The Anterior Compartment
Biceps brachii, coracobrachialis, and brachialis
Origin, Insertion, Nerve Supply, And Main Actions
|Biceps brachii||Posterior rough part of the radial tuberosity||Musculocutaneous nerve||
|Coracobrachialis||Tip of coracoid process of the scapula along with short head of biceps||Middle one-third of medial border of the humerus||Musculocutaneous nerve||Helps in flexion and adduction of the arm|
|Brachialis||Lower half of the anterior surface of the humerus||On the anterior surface of coronoid process of the ulna including ulnar tuberosity||
||Flexion of the forearm in all positions|
The biceps brachii muscle arises from scapula by two heads: long and short:
- Long head emerges within the capsule of shoulder joint from supraglenoid tubercle. Its tendon arises from the joint through intertubercular sulcus running above the head of humerus.
Short head emerges from the tip of the coracoid process along with coracobrachialis.
The two heads join together in the distal third of the arm to form a belly that ends in a tendon, which gives off the bicipital aponeurosis from its medial aspect, opposite the bend of elbow.
The biceps muscle is inserted into:
- the posterior part of the radial tuberosity by its tendon. A bursa intervenes between the tendon and anterior part of the tuberosity, and
the deep fascia on the medial aspect of forearm by its aponeurosis (bicipital aponeurosis). The aponeurosis protects the underlying brachial artery and median nerve.
By musculocutaneous nerve (C5, C6, and C7).
- It is strong supinator of the forearm, when elbow is flexed. This action is used in screwing movements such as tightening the screw with screw driver.
- It is a powerful flexor of the forearm, when elbow is extended.
It is also a weak flexor of the shoulder joint.
The biceps brachii is tested by asking the patient to flex the elbow against resistance when the forearm is supinated. In this act, the muscle forms a prominent bulge on the front of the arm.
Biceps reflex: It is tested during physical examination by tapping the tendon of biceps brachii by reflex hammer with forearm pronated and partially extended at elbow. The normal reflex is brief jerk-like flexion of the elbow. The normal reflex confirms the integrity of musculocutaneous nerve and C5 and C6 spinal segments.
From the tip of coracoid process of the scapula along with short head of the biceps brachii.
Into the middle of the medial border of the shaft of the humerus.
By musculocutaneous nerve.
It is a weak flexor and adductor of the arm.
Anatomical Events At The Insertion Of Coracobrachialis:
It is an important landmark as many anatomical events occur at this level:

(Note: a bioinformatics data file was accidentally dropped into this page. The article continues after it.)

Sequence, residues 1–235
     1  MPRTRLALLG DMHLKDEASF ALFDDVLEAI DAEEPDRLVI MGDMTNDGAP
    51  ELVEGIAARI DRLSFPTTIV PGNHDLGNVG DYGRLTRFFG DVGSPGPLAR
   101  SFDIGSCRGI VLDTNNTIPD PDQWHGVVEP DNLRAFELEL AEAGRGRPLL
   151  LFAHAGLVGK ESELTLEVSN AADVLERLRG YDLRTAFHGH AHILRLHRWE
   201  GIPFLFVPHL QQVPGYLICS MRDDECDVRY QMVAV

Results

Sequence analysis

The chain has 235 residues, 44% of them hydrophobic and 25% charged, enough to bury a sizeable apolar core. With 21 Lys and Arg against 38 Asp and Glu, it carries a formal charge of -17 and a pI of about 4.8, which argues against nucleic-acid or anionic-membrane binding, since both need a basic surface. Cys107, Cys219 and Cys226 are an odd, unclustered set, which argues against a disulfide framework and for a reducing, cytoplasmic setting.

- Circular shaft of the humerus becomes triangular below this level.
- Brachial artery passes from medial side of arm to its anterior aspect
- Basilic vein pierces the deep fascia.
- Median nerve crosses in front of the brachial artery from the lateral to medial side.
- Radial nerve pierces lateral intermuscular septum to pass from the posterior compartment to the anterior compartment.
- Ulnar nerve pierces medial intermuscular septum to go into the posterior compartment.
- Medial cutaneous nerve of the arm and forearm pierces the deep fascia.
Nutrient artery pierces the humerus.
Morphology of the coracobrachialis: It represents the muscle of medial compartment of the forelimb of quadrupeds, which is not well-developed in human beings. In some animals, this muscle consists of three heads. In human beings, the upper two heads are fused and musculocutaneous nerve passes between the two fused heads. The lower third head has disappeared in humans. But, occasionally the lower head persists as a fibrous band (ligament of Struthers), which extends between supratrochlear/trochlear spur and medial epicondyle of the humerus. The median nerve and brachial artery then pass deep to the ligament and may be compressed.
From the front of the lower half of the shaft of humerus. Superiorly the origin of brachialis embraces the insertion of deltoid.
Into the anterior surface of the coronoid process of ulna including tuberosity of ulna.
It has dual innervation:
- Medial two-third by musculocutaneous nerve.
Lateral one-third by radial nerve.
It is the untiring strong flexor of the elbow joint hence it is often called ‘work-horse of the elbow joint.’
The Posterior Compartment
Triceps brachii is a large muscle, which forms most of the substance on the back of arm. As its name implies, it has three heads.
- Long head, arises from the infraglenoid tubercle of the humerus.
- Lateral head, arises from an oblique ridge above the spiral groove on the upper part of the posterior surface of the shaft of humerus.
Medial head arises from the posterior surface of the lower half of the shaft humerus below the spiral groove.
The medial head is actually deep to the other two heads but it is named medial because at the level of radial groove it lies medial to the lateral head.
The common tendon is inserted into the posterior part of the superior surface of the olecranon process of ulna.
By radial nerve (C7, C8). Each head receives a separate branch from radial nerve in the following manner:
- Nerve to long head arises from the radial nerve in axilla.
- Nerve to lateral head arises from the radial nerve in the radial groove.
Nerve to medial head arises from the radial nerve in the radial groove.
The triceps brachii is the powerful extensor of the elbow joint. The long head supports the head of humerus during hyperabduction of the arm.
A few fibres of deep head are inserted into the posterior aspect of the capsule of elbow joint and are referred to as articularis cubiti or subanconeus muscle. These fibres prevent the nipping of the capsule during extension of the arm.
Injury of radial nerve in radial groove: If the radial nerve is damaged in the radial groove, the extension of elbow and triceps reflex is not lost because nerve to long head arises from the radial nerve in axilla.